April 25, 2012

Wichita school district, union clash over duties for teachers

The Wichita school district wants to start requiring teachers to write detailed lesson plans, file grades online every week and contact each student’s parent or guardian at least once per grading period.

The Wichita school district wants to start requiring teachers to write detailed lesson plans, file grades online every week and contact each student’s parent or guardian at least once per grading period.

Representatives for United Teachers of Wichita called the proposals “insulting” and “out of touch” on Wednesday, adding that teachers already work too many hours outside the classroom.

“At some point this district … has to start yelling and screaming about what’s happening to their employees,” said Greg Jones, who is leading contract talks on behalf of the union.

“I understand every parent is concerned about their child, and teachers need to work to keep parents informed. But you can’t forget about another group of kids out there, and that’s … the children of employees.”

During more than four hours of contract negotiations Wednesday, district and union leaders discussed proposals for teacher evaluations, attendance and workload.

Mary Whiteside, the district’s director of human resources, said a district proposal requiring teachers to submit grades online at least weekly and contact parents regularly is an attempt to address parent expectations.

The district’s online Parent Assistant system allows parents to log in from any computer to check students’ grades, assignments and attendance records.

“When you’re four weeks behind in what you have online, then how does that communicate with parents?” Whiteside said.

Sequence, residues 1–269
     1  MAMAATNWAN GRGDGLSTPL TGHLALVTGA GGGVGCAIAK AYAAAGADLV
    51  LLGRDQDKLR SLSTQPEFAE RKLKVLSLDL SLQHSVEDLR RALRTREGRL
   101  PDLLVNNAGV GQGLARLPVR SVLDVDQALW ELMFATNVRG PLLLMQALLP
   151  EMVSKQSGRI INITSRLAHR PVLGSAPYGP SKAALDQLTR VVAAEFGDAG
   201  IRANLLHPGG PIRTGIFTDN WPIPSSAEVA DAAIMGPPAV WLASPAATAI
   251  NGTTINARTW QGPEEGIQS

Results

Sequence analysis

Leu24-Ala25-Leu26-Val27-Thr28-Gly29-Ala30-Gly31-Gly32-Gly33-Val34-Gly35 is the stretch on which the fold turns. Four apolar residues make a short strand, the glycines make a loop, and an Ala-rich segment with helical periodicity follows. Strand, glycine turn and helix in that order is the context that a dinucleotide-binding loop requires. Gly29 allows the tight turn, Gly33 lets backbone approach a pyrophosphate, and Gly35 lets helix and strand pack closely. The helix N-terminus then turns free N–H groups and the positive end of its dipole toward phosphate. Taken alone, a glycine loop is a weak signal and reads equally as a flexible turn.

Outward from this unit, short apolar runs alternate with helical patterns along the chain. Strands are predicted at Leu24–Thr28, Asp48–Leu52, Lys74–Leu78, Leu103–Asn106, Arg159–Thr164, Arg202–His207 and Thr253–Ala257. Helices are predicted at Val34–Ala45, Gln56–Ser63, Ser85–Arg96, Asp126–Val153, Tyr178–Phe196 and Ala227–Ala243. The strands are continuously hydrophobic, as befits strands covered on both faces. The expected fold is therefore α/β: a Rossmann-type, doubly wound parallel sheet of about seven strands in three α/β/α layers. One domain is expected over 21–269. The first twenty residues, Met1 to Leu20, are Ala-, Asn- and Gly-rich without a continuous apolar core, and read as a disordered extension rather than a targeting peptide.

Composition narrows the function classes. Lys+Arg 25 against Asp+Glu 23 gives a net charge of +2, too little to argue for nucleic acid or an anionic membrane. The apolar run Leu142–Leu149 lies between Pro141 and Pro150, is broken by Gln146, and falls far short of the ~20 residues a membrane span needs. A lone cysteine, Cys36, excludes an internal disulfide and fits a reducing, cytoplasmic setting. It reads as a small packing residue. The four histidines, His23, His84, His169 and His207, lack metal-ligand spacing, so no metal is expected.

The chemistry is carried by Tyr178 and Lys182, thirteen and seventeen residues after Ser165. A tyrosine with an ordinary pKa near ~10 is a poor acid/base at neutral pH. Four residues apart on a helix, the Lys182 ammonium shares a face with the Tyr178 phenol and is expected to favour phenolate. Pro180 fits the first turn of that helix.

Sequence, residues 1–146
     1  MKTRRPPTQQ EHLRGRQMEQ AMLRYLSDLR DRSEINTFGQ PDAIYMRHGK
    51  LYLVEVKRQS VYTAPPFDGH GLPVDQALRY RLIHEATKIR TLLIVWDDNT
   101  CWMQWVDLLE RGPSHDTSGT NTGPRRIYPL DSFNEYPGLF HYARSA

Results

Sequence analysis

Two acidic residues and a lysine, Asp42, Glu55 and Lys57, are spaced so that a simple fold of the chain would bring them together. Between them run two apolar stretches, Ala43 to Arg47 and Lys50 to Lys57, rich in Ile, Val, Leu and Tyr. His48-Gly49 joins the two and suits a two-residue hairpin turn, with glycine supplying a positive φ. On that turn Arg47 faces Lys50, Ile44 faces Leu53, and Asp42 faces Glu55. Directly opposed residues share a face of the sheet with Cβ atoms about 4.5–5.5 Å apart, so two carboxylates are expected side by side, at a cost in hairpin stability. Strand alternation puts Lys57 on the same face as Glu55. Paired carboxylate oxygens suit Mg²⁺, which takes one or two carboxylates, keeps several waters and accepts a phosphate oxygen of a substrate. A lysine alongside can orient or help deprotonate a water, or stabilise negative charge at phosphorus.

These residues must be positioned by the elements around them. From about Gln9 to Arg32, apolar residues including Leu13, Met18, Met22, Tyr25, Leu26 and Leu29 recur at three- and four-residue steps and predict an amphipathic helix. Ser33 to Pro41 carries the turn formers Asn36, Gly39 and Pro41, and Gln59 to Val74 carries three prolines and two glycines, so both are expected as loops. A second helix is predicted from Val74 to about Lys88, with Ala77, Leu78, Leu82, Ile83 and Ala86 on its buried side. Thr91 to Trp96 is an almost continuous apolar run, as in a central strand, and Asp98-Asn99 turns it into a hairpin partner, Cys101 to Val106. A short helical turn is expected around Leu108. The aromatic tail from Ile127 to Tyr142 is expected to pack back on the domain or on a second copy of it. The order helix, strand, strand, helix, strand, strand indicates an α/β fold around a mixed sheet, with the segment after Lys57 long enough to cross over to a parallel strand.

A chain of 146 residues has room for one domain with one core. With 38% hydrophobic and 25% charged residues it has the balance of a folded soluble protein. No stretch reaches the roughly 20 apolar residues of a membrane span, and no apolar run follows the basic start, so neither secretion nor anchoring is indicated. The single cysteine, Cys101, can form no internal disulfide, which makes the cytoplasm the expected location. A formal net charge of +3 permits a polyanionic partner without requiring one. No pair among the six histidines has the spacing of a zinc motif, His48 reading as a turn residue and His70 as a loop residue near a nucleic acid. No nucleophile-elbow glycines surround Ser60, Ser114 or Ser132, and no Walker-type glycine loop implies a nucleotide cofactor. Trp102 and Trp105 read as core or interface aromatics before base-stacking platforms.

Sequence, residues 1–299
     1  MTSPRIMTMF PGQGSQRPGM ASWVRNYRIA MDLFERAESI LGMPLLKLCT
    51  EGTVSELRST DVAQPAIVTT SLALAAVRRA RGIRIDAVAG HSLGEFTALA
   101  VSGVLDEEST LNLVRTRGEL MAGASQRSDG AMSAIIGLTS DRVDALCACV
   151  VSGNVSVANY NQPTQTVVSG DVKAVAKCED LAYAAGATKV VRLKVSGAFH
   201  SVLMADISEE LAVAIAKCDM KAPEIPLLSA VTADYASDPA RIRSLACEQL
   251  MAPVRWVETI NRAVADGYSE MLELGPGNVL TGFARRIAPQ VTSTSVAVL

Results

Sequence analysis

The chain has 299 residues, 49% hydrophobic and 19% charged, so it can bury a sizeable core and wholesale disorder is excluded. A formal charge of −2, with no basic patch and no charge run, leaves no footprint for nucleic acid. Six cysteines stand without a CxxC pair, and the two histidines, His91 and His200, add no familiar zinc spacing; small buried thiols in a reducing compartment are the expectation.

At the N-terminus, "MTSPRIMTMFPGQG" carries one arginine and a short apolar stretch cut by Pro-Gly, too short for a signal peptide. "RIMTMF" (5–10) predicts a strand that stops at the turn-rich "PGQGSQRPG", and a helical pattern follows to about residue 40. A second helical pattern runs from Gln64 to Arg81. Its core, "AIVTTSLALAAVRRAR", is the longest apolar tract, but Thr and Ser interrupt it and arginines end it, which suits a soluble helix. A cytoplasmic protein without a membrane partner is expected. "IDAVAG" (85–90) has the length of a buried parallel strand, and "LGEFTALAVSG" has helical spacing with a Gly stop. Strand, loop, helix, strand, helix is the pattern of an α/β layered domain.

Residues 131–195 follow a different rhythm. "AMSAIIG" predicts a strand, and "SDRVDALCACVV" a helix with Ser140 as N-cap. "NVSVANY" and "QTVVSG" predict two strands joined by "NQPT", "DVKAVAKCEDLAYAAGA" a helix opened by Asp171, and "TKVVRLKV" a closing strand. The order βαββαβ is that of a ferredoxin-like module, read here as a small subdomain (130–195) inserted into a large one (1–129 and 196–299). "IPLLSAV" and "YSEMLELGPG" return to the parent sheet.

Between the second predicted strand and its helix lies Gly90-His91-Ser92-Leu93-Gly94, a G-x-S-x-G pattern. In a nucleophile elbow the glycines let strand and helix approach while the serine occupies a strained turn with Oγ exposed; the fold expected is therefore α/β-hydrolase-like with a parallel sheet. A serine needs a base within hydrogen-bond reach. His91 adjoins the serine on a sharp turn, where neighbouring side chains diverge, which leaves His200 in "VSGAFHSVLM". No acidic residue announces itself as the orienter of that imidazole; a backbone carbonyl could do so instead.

Tom Powell, the school board’s attorney, said officials sometimes hear from parents who assume their children are doing well in a class, “and all of a sudden they get an F for the semester.”

“They come to us and say, ‘I wish I would have known,’ ” Powell said. “Maybe that’s what we’re trying to address.”

Union leaders said many teachers already are working late hours and weekends to do everything required of them, and adding more isn’t reasonable.

“I don’t know why a teacher would be four weeks behind in their grading, but I think I’d be looking at that one particular person,” said Randy Mousley, president-elect of the local union.

Jones added that teachers should have discretion over whether and how often to contact a student’s parents. Some middle- and high-school teachers have 150 students or more, he said, so even a brief phone call to every parent every grading period could take hours.

“There’s a lot of students whose parents might not need to be called or want to be called,” he said. “Maybe they’re doing fine.”

Whiteside countered that even just once a semester, “Wouldn’t it be great … just to let them know things are going well?”

She added that regularly recording students’ grades online helps teachers at the end of the grading period because, “You hit one button and it’s done.

“I think the more that we can have technology help us to do our job, I think that eliminates part of the stress,” Whiteside said.

The group postponed discussions about teacher pay and other issues that could would affect the district’s budget.

Teachers have asked for a 3 percent raise and a return to raises plus back pay for additional education or experience, known as steps and tracks. District officials have proposed no pay increases.

According to Linda Jones, the district’s chief financial officer, a 1 percent raise for all employees would translate to about $3.2 million, not including steps, retirement or other salary costs that accompany raises.

Greg Jones, the union official, said other elements of the union’s proposal would help teachers but cost the district nothing. They include reducing the number of staff meetings and professional development days and limiting classroom interruptions.

“We have to look for ways to free up teachers and give them a chance to breathe,” he said.

“I think the attitude so often is, ‘This is good for kids,’ so you have to sacrifice your own personal time. … I just can’t stress enough how much of a frustration that is for people.”


Related content



Editor's Choice Videos